1. Developmental Biology
  2. Neuroscience
Download icon

Intermediate progenitors support migration of neural stem cells into dentate gyrus outer neurogenic niches

  1. Branden R Nelson  Is a corresponding author
  2. Rebecca D Hodge
  3. Ray AM Daza
  4. Prem Tripathi
  5. Sebastian J Arnold
  6. Kathleen J Millen
  7. Robert Hevner  Is a corresponding author
  1. Seattle Children's Research Institute, United States
  2. University of San Diego, United States
  3. University of Freiburg, Germany
Research Article
  • Cited 5
  • Views 1,648
  • Annotations
Cite this article as: eLife 2020;9:e53777 doi: 10.7554/eLife.53777

Abstract

The hippocampal dentate gyrus (DG) is a unique brain region maintaining neural stem cells (NCSs) and neurogenesis into adulthood. We used multiphoton imaging to visualize for genetically defined progenitor subpopulations in live slices across key stages of mouse DG development testing decades old static models of DG formation, with molecular identification, genetic-lineage tracing, and mutant analyses. We found novel progenitor migrations, timings, dynamic cell-cell interactions, signaling activities, and routes underlie mosaic DG formation. Intermediate progenitors (IPs, Tbr2+) pioneered migrations, supporting and guiding later emigrating NSCs (Sox9+) through multiple transient zones prior to converging at the nascent outer adult niche in a dynamic settling process, generating all prenatal and postnatal granule neurons in defined spatiotemporal order. IPs (Dll1+) extensively targeted contacts to mitotic NSCs (Notch active), revealing a substrate for cell-cell contact support during migrations, a developmental feature maintained in adults. Mouse DG formation shares conserved features of human neocortical expansion.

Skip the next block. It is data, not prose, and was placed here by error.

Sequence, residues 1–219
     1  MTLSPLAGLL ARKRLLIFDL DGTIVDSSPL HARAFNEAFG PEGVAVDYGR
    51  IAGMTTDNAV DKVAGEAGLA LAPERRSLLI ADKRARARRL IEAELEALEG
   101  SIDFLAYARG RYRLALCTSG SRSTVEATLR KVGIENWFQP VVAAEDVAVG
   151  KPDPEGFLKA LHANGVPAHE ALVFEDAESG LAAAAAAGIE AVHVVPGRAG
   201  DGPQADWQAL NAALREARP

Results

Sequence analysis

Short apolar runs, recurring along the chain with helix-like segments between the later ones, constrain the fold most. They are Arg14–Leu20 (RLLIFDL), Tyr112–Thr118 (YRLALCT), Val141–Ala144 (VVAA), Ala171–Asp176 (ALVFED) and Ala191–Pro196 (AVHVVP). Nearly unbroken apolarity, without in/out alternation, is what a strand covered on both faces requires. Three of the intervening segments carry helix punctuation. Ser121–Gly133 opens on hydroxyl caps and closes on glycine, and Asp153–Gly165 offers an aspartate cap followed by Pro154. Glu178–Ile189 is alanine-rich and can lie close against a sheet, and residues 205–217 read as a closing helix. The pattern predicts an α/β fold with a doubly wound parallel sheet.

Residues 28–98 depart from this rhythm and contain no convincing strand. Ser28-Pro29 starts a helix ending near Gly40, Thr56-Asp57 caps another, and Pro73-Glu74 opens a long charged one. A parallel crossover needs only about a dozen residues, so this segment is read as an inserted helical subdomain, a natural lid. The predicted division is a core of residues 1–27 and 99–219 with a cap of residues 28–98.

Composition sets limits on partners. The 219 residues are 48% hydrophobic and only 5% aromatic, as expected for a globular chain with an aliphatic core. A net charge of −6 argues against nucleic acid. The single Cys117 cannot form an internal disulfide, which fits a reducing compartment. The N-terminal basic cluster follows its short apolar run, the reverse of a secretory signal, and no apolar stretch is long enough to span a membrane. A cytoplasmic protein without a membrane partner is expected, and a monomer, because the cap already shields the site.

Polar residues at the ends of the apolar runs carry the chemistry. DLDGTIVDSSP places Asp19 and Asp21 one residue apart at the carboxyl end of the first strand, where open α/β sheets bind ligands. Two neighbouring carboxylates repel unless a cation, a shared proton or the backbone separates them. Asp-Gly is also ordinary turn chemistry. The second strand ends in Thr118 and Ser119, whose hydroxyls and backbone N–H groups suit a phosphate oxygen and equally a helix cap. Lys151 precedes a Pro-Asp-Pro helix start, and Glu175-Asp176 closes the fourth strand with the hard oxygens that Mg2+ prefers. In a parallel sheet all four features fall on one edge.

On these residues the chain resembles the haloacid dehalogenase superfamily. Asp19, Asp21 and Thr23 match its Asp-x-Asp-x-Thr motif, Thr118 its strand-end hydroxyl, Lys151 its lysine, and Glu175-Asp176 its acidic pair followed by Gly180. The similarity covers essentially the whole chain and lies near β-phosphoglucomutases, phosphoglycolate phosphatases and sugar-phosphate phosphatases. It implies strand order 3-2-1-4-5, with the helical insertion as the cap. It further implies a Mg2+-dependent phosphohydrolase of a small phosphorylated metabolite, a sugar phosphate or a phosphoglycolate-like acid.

Article and author information

Author details

  1. Branden R Nelson

    Center for Integrative Brain Research, Seattle Children's Research Institute, Seattle, United States
    For correspondence
    branden.nelson@seattlechildrens.org
    Competing interests
    The authors declare that no competing interests exist.
    ORCID icon "This ORCID iD identifies the author of this article:" 0000-0003-2941-0153
  2. Rebecca D Hodge

    Center for Integrative Brain Research, Seattle Children's Research Institute, Seattle, United States
    Competing interests
    The authors declare that no competing interests exist.
  3. Ray AM Daza

    Department of Pathology, University of San Diego, San Diego, United States
    Competing interests
    The authors declare that no competing interests exist.
  4. Prem Tripathi

    Center for Integrative Brain Research, Seattle Children's Research Institute, Seattle, United States
    Competing interests
    The authors declare that no competing interests exist.
  5. Sebastian J Arnold

    Institute of Experimental and Clinical Pharmacology and Toxicology, Signaling Research Centers BIOSS and CIBSS, Faculty of Medicine, University of Freiburg, Freiburg, Germany
    Competing interests
    The authors declare that no competing interests exist.
  6. Kathleen J Millen

    Center for Integrative Brain Research, Seattle Children's Research Institute, Seattle, United States
    Competing interests
    The authors declare that no competing interests exist.
    ORCID icon "This ORCID iD identifies the author of this article:" 0000-0001-9978-675X
  7. Robert Hevner

    Center for Integrative Brain Research, Seattle Children's Research Institute, Seattle, United States
    For correspondence
    rhevner@ucsd.edu
    Competing interests
    The authors declare that no competing interests exist.

Funding

National Institutes of Health (R21 MH087070)

  • Robert Hevner

National Institutes of Health (R21 MH087070)

  • Branden R Nelson

National Institutes of Health (R01 NS085081)

  • Robert Hevner

National Institutes of Health (R01 NS092339)

  • Robert Hevner

German Research Foundation Heisenberg-Program (AR 732/3-1)

  • Sebastian J Arnold

Germany's Excellence Strategy (CIBSS - EXC-2189 - Project ID 390939984)

  • Sebastian J Arnold

National Institutes of Health (R21 OD023838)

  • Branden R Nelson

National Institutes of Health (R21 OD023838)